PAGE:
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More statues along the roadway

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Debris along the roadside

From the windows of the bus, we saw Balinese offerings everywhere. Expressions of gratitude to the gods, these offerings vary in size from a grain of rice on a banana leaf to ornate towers of fruit, flowers, and sweets. The small daily offering called canang sari and banten are placed on small shrines or even on the ground. The shrine in the photo below held offerings to both the higher and lower spirits to ensure harmony and balance.  IMG_7559

Tall decorated poles, called penjor, also contained offerings. When I spotted an assortment of plain bamboo poles, I knew they must be the undecorated version waiting for ornamentation. The poles are decorated with coconut leaves, fruit, grain, and flowers for festivals or religious holidays and placed outside homes and businesses. Partway up the pole is a basket or platform where an offering is placed.

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Bamboo poles

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Penjor

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Penjor and offering

We noticed black and white buffalo checked fabric called Saput Poleng on umbrellas, wrapped around trees, and draped on shrines. The Balinese philosophy of Rwa Bhineda or balance is similar to Yin and Yang. It holds that in order to maintain harmony all things must be in balance. So white balances black, good balances bad, right balances wrong. The black and white of Saput Poleng embodies the essence of Rwa Bhineda.

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Saput Poleng

To break up the drive to the rice terraces and Ulun Danu Temple, we stopped for an unexpected tour of a traditional Balinese home compound where we learned about Balinese family life from our guide, Murya. Extended families live together and when sons marry, their wives move into the husband’s home. (My daughter-in-law can be grateful we’re not Balinese!) In such a warm climate, most living occurs outside so there are few walls but roofs keep out the frequent rain showers.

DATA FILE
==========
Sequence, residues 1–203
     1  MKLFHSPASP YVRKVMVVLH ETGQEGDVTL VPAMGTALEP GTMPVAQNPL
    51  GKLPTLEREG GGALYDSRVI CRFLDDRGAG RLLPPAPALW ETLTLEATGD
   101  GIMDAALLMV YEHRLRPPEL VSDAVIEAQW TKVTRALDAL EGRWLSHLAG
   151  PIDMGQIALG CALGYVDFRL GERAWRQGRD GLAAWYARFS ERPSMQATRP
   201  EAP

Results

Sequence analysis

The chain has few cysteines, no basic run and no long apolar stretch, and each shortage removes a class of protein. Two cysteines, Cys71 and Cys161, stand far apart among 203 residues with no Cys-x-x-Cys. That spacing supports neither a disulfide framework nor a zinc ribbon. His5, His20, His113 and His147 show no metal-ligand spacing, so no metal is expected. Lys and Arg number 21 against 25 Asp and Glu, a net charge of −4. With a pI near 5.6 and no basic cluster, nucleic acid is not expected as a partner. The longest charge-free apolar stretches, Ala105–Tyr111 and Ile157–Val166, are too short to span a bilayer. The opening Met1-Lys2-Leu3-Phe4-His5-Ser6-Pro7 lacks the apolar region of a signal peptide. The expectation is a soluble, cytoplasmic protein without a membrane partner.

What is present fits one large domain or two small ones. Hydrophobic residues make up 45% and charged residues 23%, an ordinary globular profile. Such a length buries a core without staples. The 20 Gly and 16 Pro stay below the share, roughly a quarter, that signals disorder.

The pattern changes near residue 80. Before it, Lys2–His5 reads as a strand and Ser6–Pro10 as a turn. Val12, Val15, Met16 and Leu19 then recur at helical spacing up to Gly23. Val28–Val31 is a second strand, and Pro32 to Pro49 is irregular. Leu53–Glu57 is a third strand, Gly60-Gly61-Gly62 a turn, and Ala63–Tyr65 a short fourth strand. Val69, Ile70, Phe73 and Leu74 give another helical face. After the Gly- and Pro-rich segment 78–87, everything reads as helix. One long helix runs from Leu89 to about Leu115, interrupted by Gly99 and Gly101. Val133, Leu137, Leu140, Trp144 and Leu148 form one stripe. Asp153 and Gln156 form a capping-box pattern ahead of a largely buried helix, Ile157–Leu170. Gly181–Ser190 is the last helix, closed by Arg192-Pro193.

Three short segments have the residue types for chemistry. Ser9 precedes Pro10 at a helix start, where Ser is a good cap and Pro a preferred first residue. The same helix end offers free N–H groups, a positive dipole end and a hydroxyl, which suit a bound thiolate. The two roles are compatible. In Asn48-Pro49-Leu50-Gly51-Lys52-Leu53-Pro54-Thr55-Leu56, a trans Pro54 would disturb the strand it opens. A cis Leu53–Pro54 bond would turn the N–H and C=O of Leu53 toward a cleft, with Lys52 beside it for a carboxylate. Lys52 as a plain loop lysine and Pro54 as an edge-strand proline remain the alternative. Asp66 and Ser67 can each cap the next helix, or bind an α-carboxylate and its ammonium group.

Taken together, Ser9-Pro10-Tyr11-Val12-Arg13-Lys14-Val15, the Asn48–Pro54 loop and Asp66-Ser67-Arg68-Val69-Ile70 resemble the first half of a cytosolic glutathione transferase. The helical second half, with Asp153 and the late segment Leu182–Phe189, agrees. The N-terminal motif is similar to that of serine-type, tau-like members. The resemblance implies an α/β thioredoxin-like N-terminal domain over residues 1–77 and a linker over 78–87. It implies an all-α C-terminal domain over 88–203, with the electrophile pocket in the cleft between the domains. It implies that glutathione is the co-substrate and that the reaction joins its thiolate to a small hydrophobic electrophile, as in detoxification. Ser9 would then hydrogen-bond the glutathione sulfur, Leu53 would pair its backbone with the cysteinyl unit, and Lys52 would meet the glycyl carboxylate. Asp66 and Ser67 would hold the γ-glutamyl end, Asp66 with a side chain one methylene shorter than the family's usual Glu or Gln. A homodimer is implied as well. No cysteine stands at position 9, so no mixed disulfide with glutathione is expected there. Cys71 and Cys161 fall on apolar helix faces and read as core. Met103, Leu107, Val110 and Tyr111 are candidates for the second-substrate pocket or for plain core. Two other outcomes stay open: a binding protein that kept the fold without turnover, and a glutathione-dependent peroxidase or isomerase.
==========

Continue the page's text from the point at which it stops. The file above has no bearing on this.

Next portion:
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Our guide, Murya, telling us about the family compound (notice the penjor behind)

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Balinese home

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Murya and family shrine

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Family members with drying rice in foreground

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Ceremonial pavilion

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I was looking forward to seeing the Bali rice terraces, a UNESCO World Heritage Site. Unfortunately, we didn’t stop for photos and I was disappointed that all my photos were through the windows of the bus. The entire sustainable system of irrigation called the Subak System has UNESCO designation so all the rice terraces in Bali are included. A cooperative water management system of irrigation dating from the 9th century, Subak is based on the philosophy of Tri Hita Karan, which is to create harmony between man and god, man and neighbor, and man and nature.

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Rice Terraces

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Rice Terraces

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Rice Terraces

Nestled in the mountains surrounding Lake Bratan, Ulun Danu Temple is regarded as one of the most beautiful of the 20,000 temples in Bali. Erected in 1663 to honor Dewi Danu, the goddess of water, the temple consists of two small pagodas seeming to float on Lake Bratan. The mist rising over the pagodas added to the mystical quality of the experience.

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Entrance to Ulun Danu Temple